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VANCOUVER, B.C. — The Site C protest camp outside of BC Hydro’s headquarters filed a petition last week seeking and securing a court injunction for removal of the camp site.

After claiming the camp had grown to the point it represented a health and safety risk for both the public and its employees, Hydro argued in court that those involved in the protest, which began in mid-March, were trespassing on land owned by Hydro and intimidating workers.

That’s something that every protester we’ve heard from, including one identified as Xenoa, has denied.

In remarks we’ve received, he didn’t identify what those places are. But he did note this camp, which also featured a life-threatening hunger strike by defendant Kristin Henry, was not a blockade, and that was a factor in the protesters injunction obedience decision.

This is the second such protester loss, as the company also won an injunction back in February to remove another group camping at the Peace River Site C construction site. That case was another BC Supreme Court ruling that Hydro had proven that protest camp on the south bank of the river was causing irreparable harm and costing the utility millions of dollars in delays.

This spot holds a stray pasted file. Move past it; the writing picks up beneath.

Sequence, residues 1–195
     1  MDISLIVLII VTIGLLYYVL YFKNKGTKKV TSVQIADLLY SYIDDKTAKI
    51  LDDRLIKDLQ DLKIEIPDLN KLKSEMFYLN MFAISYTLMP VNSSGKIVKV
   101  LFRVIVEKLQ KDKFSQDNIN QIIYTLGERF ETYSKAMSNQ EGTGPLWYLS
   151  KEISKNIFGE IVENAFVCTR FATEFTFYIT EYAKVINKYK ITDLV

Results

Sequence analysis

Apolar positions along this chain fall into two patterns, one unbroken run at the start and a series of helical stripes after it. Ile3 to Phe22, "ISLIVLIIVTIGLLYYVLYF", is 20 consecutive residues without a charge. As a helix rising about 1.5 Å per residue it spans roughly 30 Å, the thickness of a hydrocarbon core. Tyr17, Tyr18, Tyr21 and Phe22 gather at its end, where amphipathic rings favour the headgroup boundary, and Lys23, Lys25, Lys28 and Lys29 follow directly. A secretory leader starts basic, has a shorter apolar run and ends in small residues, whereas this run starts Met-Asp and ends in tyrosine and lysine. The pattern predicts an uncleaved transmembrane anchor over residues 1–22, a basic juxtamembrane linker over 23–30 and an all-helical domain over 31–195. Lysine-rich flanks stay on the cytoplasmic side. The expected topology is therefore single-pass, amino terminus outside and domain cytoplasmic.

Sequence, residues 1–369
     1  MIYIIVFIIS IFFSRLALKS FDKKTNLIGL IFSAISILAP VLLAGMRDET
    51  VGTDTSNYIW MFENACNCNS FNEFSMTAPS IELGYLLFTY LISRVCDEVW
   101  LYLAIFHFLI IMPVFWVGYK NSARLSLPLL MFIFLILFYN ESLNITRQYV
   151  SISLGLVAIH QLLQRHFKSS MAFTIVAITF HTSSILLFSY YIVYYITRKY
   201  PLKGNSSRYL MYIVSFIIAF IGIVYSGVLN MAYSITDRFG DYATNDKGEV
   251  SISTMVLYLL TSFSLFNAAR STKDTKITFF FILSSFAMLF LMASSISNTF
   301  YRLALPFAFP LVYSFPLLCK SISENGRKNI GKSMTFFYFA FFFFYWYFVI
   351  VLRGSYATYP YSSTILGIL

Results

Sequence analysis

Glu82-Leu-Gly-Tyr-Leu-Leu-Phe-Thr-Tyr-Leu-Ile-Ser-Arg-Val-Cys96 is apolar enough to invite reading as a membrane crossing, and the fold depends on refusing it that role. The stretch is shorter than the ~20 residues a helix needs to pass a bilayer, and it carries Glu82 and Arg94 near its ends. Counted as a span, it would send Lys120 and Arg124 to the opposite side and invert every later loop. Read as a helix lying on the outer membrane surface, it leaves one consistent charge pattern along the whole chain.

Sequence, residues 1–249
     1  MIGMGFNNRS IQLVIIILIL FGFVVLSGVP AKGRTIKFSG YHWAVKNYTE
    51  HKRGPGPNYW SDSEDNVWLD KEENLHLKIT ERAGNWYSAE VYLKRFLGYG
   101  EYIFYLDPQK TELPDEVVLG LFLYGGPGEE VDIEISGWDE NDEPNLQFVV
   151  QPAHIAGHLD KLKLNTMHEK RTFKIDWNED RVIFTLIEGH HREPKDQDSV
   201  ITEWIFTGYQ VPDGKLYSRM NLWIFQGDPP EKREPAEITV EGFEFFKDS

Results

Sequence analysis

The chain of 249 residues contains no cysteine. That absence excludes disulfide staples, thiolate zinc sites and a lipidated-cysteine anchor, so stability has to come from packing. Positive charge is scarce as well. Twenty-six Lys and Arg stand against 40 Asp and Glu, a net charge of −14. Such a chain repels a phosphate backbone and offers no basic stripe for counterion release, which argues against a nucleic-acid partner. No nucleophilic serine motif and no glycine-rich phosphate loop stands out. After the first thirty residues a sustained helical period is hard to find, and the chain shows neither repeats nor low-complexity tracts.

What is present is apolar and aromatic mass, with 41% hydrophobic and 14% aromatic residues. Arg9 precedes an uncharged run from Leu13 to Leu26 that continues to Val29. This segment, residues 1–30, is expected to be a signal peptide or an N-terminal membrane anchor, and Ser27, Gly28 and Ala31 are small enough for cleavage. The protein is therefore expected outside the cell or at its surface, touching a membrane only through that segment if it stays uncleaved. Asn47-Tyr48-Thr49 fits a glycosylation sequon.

Meantime, since up to 1,600 workers will reportedly be required at the project site during peak construction season fluctuation.

As the work continues we continue to seek a Hydro update on its workforce accommodation plans, which were earlier said to include project site facilities, long term Peace Island Park recreation vehicle sites, and 40 multi-family housing units in Fort St. John.

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